But the weather forecast is prepared in a convincingly the most original way. On the left-hand side is a map and the forecast for Europe, while on the right side you see a magnified map of Montenegro divided from Serbia by a thick shaded belt.
The “Dan” (http://www.dan.cg.yu) – sensational, scandalous, exclusive (more or less) – that is what the “Dan” is. It has been running for three years now and is edited mainly on 24 pages. The impressum informs us that the newspaper is edited by the editorial collegiate body, and who the director and editor-in-chief are. “Dan” is printed and edited by “Jumedia Mont” d.o.o. It is subjected to direct influence by SNP, and there are rumours that the editorial collegiate body includes also Dušan Čukić, the former editor and executive of “Večernje Novosti” in the twilight of Milošević’s regime.
The “Dan” has made an odd conglomerate of enemies, and enemies are identified in accordance with interests of the party – the Socialist National Party (SNP). In fact, the term “influence” is too weak if we remember that it is only thanking to the SNP’s connections and ministers in the Federal Government that “Dan” is kept up and running. This means an information multy-front struggle; the targets in Montenegro are DPS and Liberal Association of Montenegro, and in Yugoslavia the Serbian Government.
Approximately, this is how a day looks like in the perception of “Dan”: the cover page informs us that Koštunica and Đinđić will separate in September, and that the investigation undertaken by “Financial Times” found that Đinđić was involved in the affair: “Similar to the Montenegro President, this Serb politician also got involved into affairs with people who could undermine his credibility”.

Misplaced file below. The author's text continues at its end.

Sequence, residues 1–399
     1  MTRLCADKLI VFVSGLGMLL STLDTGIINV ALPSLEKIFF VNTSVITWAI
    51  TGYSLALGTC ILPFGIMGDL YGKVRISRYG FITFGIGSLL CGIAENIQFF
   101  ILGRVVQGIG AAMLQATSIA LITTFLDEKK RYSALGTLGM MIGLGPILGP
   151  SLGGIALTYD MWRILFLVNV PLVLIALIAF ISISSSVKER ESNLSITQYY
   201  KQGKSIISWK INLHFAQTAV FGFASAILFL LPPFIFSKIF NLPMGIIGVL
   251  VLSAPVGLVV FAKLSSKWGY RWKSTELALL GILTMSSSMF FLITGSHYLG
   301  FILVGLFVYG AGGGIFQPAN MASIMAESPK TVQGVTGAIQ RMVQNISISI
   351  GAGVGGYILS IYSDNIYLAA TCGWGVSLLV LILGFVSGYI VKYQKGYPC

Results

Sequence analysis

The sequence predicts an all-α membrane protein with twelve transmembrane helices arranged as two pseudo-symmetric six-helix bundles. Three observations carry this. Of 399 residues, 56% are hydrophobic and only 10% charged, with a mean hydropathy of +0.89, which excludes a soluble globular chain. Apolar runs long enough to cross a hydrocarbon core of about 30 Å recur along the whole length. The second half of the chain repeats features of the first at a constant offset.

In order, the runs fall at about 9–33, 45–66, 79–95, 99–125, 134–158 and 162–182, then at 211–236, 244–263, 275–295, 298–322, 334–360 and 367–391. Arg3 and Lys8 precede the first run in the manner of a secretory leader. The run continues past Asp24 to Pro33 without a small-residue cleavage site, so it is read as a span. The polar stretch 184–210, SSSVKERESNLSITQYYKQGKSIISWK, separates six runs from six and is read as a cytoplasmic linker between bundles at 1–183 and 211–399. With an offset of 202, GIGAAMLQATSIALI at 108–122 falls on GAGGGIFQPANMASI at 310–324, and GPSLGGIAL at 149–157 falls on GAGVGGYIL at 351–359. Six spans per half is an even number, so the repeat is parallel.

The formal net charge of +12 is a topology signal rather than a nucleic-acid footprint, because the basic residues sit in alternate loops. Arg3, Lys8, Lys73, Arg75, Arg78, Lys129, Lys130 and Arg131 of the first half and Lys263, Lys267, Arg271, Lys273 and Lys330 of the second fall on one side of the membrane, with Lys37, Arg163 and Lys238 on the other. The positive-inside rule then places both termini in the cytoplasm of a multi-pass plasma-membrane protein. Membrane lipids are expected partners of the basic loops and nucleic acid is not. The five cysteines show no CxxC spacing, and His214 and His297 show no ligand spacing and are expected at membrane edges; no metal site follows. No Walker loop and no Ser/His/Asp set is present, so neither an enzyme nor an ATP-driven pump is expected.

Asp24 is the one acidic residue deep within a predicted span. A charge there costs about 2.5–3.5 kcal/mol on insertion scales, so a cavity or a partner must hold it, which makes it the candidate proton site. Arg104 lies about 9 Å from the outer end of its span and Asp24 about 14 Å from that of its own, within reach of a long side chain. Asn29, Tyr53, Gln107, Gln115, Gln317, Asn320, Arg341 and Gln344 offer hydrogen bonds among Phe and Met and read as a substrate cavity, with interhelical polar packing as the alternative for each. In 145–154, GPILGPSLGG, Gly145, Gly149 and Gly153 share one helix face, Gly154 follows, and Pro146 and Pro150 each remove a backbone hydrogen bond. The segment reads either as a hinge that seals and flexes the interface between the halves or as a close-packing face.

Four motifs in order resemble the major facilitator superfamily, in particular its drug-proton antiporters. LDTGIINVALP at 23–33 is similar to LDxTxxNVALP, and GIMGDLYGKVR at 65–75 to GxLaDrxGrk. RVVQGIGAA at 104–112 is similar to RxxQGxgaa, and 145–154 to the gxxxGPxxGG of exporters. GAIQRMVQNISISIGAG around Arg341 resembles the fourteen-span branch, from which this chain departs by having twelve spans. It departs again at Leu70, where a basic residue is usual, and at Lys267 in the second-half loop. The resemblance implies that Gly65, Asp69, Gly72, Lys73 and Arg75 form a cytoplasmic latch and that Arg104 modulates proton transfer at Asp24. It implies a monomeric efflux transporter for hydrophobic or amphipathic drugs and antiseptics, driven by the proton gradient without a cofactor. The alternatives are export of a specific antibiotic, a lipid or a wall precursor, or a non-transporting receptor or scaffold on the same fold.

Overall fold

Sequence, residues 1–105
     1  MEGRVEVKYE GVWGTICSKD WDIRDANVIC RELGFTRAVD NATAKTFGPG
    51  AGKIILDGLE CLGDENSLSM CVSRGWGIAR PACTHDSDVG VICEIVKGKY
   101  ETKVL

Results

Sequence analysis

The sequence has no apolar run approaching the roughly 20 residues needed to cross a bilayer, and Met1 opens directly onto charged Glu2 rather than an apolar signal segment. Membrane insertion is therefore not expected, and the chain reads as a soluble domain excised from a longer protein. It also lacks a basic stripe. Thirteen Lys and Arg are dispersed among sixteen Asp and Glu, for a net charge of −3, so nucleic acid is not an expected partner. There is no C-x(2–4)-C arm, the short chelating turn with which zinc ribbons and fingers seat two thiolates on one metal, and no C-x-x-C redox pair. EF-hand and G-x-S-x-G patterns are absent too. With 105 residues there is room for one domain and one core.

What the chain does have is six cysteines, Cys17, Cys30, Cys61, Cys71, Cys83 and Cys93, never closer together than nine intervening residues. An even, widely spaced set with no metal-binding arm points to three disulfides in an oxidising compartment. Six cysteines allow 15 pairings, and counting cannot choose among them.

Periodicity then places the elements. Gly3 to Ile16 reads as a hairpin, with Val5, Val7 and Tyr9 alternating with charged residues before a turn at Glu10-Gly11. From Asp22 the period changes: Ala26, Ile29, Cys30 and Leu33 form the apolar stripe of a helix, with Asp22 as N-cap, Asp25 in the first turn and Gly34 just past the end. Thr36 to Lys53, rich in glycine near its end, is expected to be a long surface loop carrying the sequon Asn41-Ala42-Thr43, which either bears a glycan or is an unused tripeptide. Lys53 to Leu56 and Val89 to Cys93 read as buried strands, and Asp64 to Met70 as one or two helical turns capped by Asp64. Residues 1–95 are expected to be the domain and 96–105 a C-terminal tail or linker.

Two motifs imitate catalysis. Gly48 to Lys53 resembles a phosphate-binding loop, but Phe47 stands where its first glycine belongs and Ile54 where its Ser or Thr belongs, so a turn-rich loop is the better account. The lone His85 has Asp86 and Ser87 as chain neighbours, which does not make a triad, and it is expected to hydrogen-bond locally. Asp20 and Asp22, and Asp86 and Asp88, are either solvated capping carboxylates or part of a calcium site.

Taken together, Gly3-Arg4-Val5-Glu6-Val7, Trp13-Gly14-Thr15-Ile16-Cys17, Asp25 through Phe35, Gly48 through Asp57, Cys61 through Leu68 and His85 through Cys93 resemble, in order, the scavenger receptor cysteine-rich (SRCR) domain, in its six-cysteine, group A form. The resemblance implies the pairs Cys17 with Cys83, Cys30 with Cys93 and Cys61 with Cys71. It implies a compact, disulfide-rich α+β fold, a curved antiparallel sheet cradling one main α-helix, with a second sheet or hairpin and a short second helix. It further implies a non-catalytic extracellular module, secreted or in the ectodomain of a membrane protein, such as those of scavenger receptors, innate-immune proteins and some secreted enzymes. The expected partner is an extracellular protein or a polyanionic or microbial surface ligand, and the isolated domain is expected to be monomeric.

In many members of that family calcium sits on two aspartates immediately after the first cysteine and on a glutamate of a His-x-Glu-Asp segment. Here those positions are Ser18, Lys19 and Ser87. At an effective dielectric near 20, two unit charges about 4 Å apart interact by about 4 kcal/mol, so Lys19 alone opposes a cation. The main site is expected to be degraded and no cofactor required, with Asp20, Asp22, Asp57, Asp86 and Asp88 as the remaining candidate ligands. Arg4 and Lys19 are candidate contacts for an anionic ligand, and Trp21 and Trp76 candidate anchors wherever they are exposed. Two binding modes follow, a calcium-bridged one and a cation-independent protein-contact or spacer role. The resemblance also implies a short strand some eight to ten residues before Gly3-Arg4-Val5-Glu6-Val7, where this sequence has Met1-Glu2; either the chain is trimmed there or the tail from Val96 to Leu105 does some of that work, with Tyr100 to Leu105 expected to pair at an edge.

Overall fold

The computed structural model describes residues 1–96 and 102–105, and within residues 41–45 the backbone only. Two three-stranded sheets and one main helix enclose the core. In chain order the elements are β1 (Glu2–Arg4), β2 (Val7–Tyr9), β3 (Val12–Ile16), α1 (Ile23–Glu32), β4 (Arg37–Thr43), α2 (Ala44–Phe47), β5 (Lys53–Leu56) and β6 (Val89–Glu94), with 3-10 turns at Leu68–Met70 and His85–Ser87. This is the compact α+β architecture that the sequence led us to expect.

On daily bases, radical streams from Serbia take an important place in the newspaper. In late August, these were the Serb Renewal Movement (SPO) and the Serb Radical Party (SRS). In one of its issues, “Dan” brought an interview with Vlajko Senić from SPO. He claims that corruption and Mafia reign in Serbia, all under the title: “They Support Đinđić Because of Privileges”. One day later they brought the statement by Obren Joksimović (DSS), in the prime place and with a huge title: “I pray God for the Government to Fall”. The texts on “the scandals within the Serb Government” and on the “tobacco Mafia” appear on regular basis, sometimes even on two pages. The unusual selection of guests is spiced with reports from local and regional political scene, with distasteful titles and statements, like the following: “Karadžić and Mladić are the Serb Saints” – a story told by a Bosnian war volunteer; “KFOR cheered Yugoslavia” – report on humanitarian aid supply for Kosovo, and similar. The category, which overwhelmingly prevail in “Vijesti”, remains lacking in “Dan” – the news. Whenever a text is supposed to be informative, it is tinted with a personal view, and whenever an event brings about various views, this newspaper regularly presents only one side of it.
If “Pobjeda” is in the same level with the Belgrade “Politika”, then “Dan” belongs to the school of “Večernje Novosti”. This is also apparent from the text dealing with DOS’s/Democratic Opposition of Serbia/ dissolution: “…according to “Dan’s” sources, the opponents of Yugoslavian President have launched the initial action, and are already working on the issue of pronouncing Zorica Radović, the spouse of Vojislav Koštunica, as a person who keeps all threads in her own hands and has an extreme influence on the President, and thus on the politics he pursues…” The page is then “enriched” with a statement by Vojislav Šešelj about eavesdropping of the FRY President. This situation could be assessed as déjŕ-vu-journalism breaded on fertile soil of conspiracy, but deprived of beneficent influence of common sense…